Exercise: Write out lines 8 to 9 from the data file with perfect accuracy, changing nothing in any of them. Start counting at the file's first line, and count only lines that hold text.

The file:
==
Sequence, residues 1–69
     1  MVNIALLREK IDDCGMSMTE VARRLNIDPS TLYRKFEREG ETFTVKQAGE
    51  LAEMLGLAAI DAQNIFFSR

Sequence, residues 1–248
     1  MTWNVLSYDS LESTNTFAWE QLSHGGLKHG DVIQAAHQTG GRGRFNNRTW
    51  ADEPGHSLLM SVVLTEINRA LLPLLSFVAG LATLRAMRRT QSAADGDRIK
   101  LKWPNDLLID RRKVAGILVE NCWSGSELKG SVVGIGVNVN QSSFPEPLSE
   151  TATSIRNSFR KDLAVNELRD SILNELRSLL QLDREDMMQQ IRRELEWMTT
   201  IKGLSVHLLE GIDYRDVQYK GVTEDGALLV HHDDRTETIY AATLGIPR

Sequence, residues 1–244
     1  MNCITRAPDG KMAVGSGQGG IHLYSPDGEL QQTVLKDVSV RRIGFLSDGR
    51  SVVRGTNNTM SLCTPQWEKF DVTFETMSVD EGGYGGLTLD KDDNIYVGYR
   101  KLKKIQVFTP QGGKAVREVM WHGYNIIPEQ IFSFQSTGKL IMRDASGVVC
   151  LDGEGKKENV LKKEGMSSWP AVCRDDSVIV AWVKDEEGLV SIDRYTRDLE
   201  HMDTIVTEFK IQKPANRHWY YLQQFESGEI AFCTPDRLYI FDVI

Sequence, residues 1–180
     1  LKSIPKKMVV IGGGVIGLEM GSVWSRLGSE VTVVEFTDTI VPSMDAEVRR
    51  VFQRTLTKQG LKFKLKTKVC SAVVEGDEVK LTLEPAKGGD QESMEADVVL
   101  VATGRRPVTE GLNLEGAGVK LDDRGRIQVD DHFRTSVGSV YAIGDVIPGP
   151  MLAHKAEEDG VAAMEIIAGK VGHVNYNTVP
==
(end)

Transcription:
   151  TATSIRNSFR KDLAVNELRD SILNELRSLL QLDREDMMQQ IRRELEWMTT
   201  IKGLSVHLLE GIDYRDVQYK GVTEDGALLV HHDDRTETIY AATLGIPR